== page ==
BrightView Holdings, Inc.

Q2 2023 Earnings Conference Call


spk03: Good morning, ladies and gentlemen, and welcome to the Brightview Q2 fiscal 2023 earnings conference call. At this time, all lines are in listen-only mode. Following the presentation, we will conduct a question and answer session. If at any time during this call you require immediate assistance, please press star zero for the operator. This call is being recorded on Thursday, May 4th, 2023. I would now like to turn the conference over to Fatin Freya, Vice President of Investor Relations. Please go ahead.
spk01: Thank you for joining Brightview's second quarter fiscal 2023 earnings conference call. Paul Racer, Brightview's Chairman of the Board of Directors, Andrew Masterman, Chief Executive Officer, and Brett Urban, Chief Financial Officer, are on the call. Please remember that some of the comments made today, including responses to questions and information reflected on the presentation slides, are forward-looking, and actual results may differ materially from those projected. Please refer to the company's SEC filings for more detail on the risks and uncertainties that could impact the company's future operating results and financial condition. Comments made today will also include discussion of certain non-GAAP financial measures. Reconciliations to comparable GAAP financial measures are provided in today's press release. Disclaimers on forward-looking statements and non-GAAP financial measures apply both to today's prepared remarks as well as the Q&A. I will now turn the call over to Paul Racer, Brightview's Chairman of the Board of Directors, for some comments.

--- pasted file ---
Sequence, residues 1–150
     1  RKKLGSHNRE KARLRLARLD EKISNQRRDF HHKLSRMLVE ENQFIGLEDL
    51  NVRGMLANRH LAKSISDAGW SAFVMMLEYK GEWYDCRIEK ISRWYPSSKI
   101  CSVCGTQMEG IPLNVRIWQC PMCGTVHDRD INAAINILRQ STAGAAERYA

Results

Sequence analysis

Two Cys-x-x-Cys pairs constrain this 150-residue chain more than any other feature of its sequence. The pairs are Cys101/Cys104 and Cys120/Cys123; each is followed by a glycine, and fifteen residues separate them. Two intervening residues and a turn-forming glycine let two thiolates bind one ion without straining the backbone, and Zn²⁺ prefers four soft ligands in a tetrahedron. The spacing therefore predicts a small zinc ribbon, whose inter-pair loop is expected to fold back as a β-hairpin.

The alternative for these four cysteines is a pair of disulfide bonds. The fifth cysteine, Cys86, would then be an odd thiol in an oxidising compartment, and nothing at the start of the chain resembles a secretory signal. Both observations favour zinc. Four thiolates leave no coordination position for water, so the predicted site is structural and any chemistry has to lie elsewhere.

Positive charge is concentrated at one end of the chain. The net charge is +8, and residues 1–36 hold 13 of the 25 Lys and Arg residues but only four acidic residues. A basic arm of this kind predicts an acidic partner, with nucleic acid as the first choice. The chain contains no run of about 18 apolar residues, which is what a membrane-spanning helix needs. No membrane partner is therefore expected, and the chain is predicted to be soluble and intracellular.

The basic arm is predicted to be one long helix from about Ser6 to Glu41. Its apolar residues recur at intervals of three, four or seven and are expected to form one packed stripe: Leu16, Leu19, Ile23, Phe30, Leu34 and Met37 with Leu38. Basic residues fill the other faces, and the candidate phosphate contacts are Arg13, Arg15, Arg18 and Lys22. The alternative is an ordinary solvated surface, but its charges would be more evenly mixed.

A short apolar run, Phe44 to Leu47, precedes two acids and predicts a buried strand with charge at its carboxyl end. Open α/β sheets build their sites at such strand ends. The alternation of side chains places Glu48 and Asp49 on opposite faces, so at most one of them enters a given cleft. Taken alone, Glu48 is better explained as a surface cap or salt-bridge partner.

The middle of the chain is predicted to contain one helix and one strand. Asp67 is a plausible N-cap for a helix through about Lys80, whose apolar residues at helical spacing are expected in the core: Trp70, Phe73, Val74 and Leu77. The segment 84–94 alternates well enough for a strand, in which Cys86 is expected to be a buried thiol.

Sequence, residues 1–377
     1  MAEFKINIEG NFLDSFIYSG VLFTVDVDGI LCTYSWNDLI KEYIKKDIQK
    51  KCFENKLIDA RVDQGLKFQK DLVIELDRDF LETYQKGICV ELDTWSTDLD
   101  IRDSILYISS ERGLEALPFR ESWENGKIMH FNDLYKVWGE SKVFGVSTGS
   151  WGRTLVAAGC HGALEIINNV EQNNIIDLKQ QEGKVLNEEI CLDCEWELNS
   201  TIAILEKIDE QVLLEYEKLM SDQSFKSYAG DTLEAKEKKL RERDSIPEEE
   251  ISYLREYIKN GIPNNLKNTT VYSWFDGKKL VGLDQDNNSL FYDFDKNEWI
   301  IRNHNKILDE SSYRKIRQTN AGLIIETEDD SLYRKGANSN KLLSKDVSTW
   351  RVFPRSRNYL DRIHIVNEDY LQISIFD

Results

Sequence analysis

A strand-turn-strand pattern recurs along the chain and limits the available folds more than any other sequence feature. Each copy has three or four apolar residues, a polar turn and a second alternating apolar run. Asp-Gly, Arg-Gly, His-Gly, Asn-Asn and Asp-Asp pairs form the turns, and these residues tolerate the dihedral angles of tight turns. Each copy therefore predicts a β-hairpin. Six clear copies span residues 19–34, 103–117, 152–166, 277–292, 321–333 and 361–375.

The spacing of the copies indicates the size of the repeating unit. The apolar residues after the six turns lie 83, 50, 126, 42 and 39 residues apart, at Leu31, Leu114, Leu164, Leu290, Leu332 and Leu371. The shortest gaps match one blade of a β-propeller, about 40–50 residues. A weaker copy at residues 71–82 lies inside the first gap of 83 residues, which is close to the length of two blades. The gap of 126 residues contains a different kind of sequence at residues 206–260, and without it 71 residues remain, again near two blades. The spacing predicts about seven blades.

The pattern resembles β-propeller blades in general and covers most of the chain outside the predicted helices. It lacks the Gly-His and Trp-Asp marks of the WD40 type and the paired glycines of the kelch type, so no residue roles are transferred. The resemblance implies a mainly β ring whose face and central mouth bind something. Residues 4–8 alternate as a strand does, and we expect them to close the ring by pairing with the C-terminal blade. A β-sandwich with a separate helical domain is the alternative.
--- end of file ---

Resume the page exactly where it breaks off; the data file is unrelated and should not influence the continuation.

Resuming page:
spk07: Thank you, Fatten, and good morning to everyone. Earlier today, we announced that Andrew Masterman will be stepping down from his position as President, Chief Executive Officer, and Board Director, effective May 31. Andrew has been a great leader for Brightview. He joined us in 2016. and successfully led the company's initial public offering in 2018. During his tenure, the company executed more than 35 strategic acquisitions, modernized its technology and finance infrastructure, professionalized its sales organization, expanded our omnichannel marketing capabilities, and achieved the best safety record in the company's history. Following Andrew's last day on May 31, Jim Abramson, a member of our board of directors since 2015, and an experienced CEO, will step in as interim president and CEO. Jim brings extensive knowledge of Brightview and the industry, as well as over 30 years of management experience in large public and private companies that operated in dynamic environments. We're searching for Andrew's successor in partnership with an executive search firm. In the meantime, we have full confidence in Jim's ability to continue to execute Brightview's strategy in partnership with our talented management team. Andrew, on behalf of the board, I want to thank you again for all your contributions to Brightview. I will now turn the call over to you.